(back) Subject: =3D?UTF-8?Q?Dennis=3D20James=3D20=3DE2=3D80=3D93=3D20Harold=3D20Lloyd=3D20?=3D =3D?UTF-8?Q?=3DE2=3D80=3D93=3D20TONIGHT=3D20in=3MUSCUR@aol.com=3D20?=3D From: <MUSCUR@aol.com> Date: Mon, 14 Mar 2005 14:28:23 EST   =20 Harold Lloyd=E2=80=99s first full length feature film, GRANDMA=E2=80=99S BO= Y accompanied by=20 theatre organist Dennis James at the Uptown Theatre in downtown Calgary=20 tonight at 7 p.m.=20 Silent films have been brought to life in Calgary since 1998 at Cantos=20 Silent Movie Mondays. Attendees are once again experience the nostalgic thr= ill of=20 an era gone with Silent Movie Mondays annual return to The Uptown Stage &=20 Screen (612 =E2=80=93 8 Avenue SW) throughout March. In a dramatic fusion o= f present and=20 past, world-renowned theatre organist Dennis James masters the Cantos=20 Theatre Organ bringing this series of classic black and white films to life= .. Silent=20 Movie Mondays is one of Calgary=E2=80=99s most eclectic events with attende= es from a=20 diverse cross-section of society. Seniors are a key part of the audience. I= n=20 fact, a delightful 84-year old woman at a 2004 screening was very excited t= o=20 see one of the films. As a small child she had attended the film with her=20 family but was too young to stay awake to see the ending. She finally got t= o=20 see the ending! On the other end of the spectrum, the films are well attend= ed=20 by "goths", the urban sub-culture predominantly made up of youths who dress= in=20 the gothic style celebrating vampires, darkness and gothic creatures and=20 literature. And film-buffs of all ages are always first in line to get tick= ets.=20 Last week=E2=80=99s opener, Buster Keaton=E2=80=99s COLLEGE, in this year= =E2=80=99s all-comedy=20 festival was a complete sellout, continuing the sellouts at all shows that=20= began=20 at the Uptown=E2=80=99s silents series two years ago. Tonight=E2=80=99s pr= ogram will have=20 the added attraction of a Charlie Chaplin Mutual Comedy, EASY STREET (1916)= ,=20 also shown from a pristine 35mm preserved print at the historically correct= =20 18 fps film speed. Next up is Clara Bow in IT (with Chaplin=E2=80=99s THE=20= IMMIGRANT)=20 and the series closer on March 28 is MGM=E2=80=99s comedy classic SHOW PEOP= LE (1928)=20 featuring Marion Davies together with Charlie Chaplin, Douglas Fairbanks, W= M.=20 S. Hart, John Gilbert, and many other silent film stars of the 1920=E2=80= =99s.=20 Dennis James has more than 35 years experience as a world-renowned theatre=20 organist. He played a pivotal role in the international revival of silent=20 films featuring live music. He toured extensively with silent film stars Li= llian=20 Gish and Charles 'Buddy' Rogers throughout the 1980's providing musical=20 accompaniment to revivals of their motion pictures. In addition to his sile= nt film=20 performance activities, Dennis James is also dedicated to furthering public= =20 interest in the pipe organ and to the continuation of the theatrical=20 traditions of organ performance. The Cantos Theatre Organ is an impressive=20 instrument. And seeing and hearing Dennis James in action on this amazing t= heatre organ=20 is truly a feast for the senses. It is the first of its kind in Canada =E2= =80=93 a=20 four-manual, 28-rank, fully digital organ, the most sophisticated theatre=20 organ replica available=20 Now in its eight year, the Cantos Foundation =E2=80=98Silent Movie Mondays= =E2=80=99=20 featuring Dennis James at the Uptown began as a part of the prestigious Cal= gary=20 International Organ Festival in 1998, the Silent Film Concerts series has e= volved=20 into an annual month-long series at the historic Art Deco embellished=20 theatre. This year the four manual organ console has been relocated to cent= er =20 orchestra pit bringing it to central focus directly under the 35mm projected= film=20 image. All of the film prints are shown at their historically correct film= =20 speeds and in authentic silent film presentation aperture format.=20 Advance tickets for the Cantos Music Foundation=E2=80=99s unique Silent Mov= ie=20 Mondays are on sale now and can be purchased by phoning (403) 543-5115. Ti= ckets=20 are $14 for adults, $12 for students and seniors, and $8 for children under= 12=20 years of age. Tickets will be available at the Uptown on the day of the sho= w=20 (subject to availability).=20 Listing sent from: =20 Silent Film Concerts PO Box 2072 Tacoma, Washington 98401-2072 USA 253-573-1683=20 To be deleted from this mailing list, please respond with e-mail request=20 containing REMOVE in the subject heading and sent to _muscur@aol.com_=20 (mailto:muscur@aol.com) =20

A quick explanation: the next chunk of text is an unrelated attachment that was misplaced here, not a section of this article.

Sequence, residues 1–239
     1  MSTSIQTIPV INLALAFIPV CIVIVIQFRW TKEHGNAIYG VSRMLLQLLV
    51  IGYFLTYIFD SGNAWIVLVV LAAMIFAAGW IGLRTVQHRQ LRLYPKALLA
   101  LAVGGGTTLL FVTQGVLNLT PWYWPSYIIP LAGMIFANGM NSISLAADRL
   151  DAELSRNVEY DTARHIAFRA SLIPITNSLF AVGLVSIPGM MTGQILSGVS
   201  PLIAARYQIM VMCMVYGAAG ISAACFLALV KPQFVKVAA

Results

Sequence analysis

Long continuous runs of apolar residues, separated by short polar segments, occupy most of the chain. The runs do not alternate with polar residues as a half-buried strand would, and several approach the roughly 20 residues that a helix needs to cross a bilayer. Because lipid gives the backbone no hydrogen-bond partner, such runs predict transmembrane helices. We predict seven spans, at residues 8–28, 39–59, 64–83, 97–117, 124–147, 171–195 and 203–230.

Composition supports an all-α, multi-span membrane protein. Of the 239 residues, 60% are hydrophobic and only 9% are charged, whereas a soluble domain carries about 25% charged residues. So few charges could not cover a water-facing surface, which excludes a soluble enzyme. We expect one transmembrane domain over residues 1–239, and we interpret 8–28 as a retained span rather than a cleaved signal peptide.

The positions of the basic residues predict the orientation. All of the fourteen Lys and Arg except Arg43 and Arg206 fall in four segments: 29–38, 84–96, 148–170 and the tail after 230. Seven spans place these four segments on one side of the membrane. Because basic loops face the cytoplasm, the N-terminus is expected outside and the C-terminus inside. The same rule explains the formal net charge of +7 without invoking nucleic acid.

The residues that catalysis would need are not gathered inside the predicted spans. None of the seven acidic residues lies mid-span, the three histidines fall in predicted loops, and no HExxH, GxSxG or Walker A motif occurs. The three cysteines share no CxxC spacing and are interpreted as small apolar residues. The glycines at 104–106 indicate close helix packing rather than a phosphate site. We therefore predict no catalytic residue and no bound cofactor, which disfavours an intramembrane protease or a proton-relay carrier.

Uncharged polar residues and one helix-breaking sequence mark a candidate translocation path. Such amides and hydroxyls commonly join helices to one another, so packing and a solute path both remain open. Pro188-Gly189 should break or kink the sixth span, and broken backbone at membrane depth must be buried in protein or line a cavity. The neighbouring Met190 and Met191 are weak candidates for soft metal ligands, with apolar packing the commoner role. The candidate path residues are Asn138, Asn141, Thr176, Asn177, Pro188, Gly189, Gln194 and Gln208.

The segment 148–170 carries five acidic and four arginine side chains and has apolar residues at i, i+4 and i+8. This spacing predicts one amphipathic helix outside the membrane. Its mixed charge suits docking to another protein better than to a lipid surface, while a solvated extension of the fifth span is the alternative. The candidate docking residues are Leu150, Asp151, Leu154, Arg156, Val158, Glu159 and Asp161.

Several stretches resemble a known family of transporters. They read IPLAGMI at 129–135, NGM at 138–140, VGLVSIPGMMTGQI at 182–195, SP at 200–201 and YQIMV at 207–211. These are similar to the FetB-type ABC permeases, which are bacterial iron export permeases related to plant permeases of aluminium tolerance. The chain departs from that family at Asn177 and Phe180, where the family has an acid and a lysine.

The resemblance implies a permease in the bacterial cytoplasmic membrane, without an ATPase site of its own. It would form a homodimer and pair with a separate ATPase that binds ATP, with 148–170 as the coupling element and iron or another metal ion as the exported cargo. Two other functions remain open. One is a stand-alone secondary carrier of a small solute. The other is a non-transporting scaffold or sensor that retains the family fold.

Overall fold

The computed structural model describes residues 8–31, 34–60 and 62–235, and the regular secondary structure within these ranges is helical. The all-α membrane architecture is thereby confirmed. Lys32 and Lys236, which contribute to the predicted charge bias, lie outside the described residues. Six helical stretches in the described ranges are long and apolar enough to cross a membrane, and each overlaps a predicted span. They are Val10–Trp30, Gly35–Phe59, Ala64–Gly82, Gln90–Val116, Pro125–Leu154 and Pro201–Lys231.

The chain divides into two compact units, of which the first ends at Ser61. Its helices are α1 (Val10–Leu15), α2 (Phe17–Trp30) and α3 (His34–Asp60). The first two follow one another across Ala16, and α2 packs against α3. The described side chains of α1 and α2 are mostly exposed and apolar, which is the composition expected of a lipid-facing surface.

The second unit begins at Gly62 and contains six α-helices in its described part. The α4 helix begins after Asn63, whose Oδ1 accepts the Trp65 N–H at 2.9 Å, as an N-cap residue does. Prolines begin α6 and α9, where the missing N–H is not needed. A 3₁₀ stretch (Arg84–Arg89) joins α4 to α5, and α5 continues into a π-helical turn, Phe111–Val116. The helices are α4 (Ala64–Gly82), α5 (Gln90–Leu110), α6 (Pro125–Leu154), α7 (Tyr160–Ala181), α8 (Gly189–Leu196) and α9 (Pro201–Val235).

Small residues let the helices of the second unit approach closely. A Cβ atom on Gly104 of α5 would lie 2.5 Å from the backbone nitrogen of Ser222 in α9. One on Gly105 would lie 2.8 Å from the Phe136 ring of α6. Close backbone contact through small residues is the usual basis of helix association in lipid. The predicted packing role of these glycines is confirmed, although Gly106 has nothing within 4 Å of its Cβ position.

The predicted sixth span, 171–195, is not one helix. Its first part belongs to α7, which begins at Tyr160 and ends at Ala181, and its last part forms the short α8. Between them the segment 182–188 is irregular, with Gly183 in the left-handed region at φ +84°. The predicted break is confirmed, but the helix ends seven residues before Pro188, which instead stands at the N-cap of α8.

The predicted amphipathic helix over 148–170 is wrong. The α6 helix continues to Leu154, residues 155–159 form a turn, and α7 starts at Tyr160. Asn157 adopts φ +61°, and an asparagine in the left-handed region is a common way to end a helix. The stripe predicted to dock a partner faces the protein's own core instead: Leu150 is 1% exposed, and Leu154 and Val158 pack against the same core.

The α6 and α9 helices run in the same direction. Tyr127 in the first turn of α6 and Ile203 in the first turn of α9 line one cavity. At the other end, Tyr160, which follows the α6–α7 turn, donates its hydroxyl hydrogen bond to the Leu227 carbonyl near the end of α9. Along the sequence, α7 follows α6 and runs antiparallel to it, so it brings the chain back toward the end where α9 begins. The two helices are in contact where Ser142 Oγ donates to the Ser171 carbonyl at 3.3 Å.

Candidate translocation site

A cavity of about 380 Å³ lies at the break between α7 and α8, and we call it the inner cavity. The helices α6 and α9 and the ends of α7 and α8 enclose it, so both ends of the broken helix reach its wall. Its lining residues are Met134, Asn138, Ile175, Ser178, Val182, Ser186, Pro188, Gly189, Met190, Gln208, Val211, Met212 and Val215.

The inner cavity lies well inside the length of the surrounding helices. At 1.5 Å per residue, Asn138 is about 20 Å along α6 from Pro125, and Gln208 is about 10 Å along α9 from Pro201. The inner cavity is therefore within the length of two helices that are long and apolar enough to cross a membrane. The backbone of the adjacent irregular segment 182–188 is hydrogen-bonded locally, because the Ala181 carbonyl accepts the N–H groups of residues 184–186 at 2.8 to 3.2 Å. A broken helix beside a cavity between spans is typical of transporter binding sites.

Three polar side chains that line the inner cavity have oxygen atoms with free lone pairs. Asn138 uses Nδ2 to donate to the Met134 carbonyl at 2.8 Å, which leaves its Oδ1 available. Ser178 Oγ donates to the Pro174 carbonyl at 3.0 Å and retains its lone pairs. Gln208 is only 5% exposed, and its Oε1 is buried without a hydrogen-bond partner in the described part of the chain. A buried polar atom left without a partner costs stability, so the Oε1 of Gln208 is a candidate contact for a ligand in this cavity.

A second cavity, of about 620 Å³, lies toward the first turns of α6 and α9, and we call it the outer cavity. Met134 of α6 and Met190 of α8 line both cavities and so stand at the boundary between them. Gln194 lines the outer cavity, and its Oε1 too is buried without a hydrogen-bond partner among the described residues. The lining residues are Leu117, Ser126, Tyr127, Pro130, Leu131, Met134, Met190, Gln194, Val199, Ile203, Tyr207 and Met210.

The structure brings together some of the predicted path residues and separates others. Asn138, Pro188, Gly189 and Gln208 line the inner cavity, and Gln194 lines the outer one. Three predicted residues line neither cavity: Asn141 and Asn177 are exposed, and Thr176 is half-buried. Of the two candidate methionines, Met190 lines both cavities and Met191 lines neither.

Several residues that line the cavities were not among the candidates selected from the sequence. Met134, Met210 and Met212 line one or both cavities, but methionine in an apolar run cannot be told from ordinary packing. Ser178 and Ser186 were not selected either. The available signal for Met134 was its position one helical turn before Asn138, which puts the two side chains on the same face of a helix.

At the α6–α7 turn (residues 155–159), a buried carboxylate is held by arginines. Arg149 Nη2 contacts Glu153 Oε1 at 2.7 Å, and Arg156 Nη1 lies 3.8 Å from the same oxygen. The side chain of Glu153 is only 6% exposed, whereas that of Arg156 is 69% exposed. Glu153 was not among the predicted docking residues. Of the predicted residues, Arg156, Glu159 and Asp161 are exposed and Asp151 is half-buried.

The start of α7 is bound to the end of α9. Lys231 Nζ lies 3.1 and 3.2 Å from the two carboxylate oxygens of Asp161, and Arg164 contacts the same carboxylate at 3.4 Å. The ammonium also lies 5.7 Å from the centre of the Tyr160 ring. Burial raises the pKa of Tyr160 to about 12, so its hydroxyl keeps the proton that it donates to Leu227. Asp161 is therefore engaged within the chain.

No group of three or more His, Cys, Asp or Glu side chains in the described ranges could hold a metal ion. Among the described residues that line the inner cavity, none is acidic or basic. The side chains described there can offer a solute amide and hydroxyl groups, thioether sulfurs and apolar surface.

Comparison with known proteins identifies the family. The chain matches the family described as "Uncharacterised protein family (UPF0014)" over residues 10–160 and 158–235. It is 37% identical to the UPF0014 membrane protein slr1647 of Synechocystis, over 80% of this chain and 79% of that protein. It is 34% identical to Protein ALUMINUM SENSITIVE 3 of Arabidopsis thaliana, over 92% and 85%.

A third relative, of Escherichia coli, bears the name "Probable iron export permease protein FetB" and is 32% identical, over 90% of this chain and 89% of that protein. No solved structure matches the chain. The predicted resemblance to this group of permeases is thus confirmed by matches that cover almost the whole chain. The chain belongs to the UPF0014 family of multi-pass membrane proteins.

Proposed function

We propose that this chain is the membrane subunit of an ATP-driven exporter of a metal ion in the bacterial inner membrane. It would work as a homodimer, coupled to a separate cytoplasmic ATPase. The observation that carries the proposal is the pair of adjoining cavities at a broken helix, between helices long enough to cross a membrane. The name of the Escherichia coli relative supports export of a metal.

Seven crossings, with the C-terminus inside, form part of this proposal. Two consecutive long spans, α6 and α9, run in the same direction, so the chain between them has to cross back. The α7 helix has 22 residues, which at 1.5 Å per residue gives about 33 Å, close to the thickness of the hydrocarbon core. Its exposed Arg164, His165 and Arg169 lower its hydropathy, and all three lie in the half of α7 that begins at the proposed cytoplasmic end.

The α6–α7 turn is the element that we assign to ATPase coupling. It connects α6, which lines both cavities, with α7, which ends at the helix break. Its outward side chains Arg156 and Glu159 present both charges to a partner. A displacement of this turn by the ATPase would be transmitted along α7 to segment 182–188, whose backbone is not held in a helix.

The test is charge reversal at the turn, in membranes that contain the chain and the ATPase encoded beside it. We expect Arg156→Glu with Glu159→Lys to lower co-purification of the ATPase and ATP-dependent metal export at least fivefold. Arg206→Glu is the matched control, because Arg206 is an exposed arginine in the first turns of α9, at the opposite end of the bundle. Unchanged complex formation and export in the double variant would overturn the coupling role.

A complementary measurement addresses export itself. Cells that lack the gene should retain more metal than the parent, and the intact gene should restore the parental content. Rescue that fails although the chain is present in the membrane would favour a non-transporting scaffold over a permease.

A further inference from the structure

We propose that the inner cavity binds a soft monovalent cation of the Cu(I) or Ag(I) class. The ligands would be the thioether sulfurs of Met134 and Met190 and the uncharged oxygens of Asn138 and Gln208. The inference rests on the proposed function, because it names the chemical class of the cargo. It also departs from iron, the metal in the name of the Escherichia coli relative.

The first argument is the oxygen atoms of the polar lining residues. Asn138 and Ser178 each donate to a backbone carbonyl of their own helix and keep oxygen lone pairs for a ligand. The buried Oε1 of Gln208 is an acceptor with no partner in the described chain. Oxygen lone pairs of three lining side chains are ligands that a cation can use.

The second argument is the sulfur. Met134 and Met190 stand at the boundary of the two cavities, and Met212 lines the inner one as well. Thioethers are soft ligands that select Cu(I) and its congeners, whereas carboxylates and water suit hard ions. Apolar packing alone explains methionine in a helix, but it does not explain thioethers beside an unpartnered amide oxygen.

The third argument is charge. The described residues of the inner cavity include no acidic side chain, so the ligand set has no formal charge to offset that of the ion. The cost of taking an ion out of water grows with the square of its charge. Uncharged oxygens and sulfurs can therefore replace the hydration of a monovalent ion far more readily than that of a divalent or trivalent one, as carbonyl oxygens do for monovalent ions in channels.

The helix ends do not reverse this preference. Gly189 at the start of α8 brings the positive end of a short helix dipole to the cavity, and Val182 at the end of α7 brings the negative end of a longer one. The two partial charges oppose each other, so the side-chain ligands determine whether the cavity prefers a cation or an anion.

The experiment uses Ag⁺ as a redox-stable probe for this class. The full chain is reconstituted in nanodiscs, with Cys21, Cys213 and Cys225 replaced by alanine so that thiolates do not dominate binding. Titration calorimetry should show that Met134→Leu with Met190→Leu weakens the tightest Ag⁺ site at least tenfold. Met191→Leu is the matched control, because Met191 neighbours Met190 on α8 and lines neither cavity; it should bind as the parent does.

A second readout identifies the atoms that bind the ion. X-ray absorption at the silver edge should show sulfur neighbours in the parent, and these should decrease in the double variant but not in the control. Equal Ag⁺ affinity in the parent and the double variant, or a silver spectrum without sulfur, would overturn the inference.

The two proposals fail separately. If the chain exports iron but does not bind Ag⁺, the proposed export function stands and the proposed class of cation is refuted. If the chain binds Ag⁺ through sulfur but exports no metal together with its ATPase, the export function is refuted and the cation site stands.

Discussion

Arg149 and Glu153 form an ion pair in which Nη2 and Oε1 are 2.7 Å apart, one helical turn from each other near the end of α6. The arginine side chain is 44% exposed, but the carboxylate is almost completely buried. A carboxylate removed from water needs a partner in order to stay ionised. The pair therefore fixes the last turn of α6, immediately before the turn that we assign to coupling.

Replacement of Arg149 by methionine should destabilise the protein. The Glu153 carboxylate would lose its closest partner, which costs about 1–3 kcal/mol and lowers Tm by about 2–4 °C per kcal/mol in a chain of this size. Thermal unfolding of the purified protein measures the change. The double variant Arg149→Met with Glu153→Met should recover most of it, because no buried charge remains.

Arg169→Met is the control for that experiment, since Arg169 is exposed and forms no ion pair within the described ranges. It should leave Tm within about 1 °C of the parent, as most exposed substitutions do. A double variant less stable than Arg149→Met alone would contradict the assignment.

(back) Subject: REED TUNING QUESTION From: "Randy Terry" <randy@peacham.homeip.net> Date: Mon, 14 Mar 2005 07:49:46 -0800     Is there any way to tell by looking at a pipe how it should be tuned?   I once helped someone tune a Ruffatti in Mississippi in the 80's and = someone had placed a note on the inside of the swell door warning us to tune with the scroll not the wire.   I played a 1985 Moller unit organ for two years and the thing had been buggered with so much that the scrolls have been all the way down at some point. To get the notes sounding "right," not too bright or too dull, we had to use duct tape to seal a few pipes that wouldn't stabilize.   In my two of three recent positions, the job descriptions stated that the organists were to be able to carry out basic repairs on the organ, which I read as "spot tuning." Personally, I don't think an organist's training = is complete without the ability to knock a reed into tune, and spot-tune = where needed, but for me this is a new question and perhaps relevant to all.   Would it not help to include a brief "how to?" in the service manuals builders often leave at the console for organists? Certainly a note to = tune via the scrolls or wires inside the organ would be helpful.   I know that many techs and builders advise to lock the organ off for everyone but the service personnel, but I've found that often organ = chambers are left unlocked and easier to get to than the console!   +++++++++++++++++++++++++++++ Randy Terry Music Minister The Episcopal Church of St. Peter Redwood City, California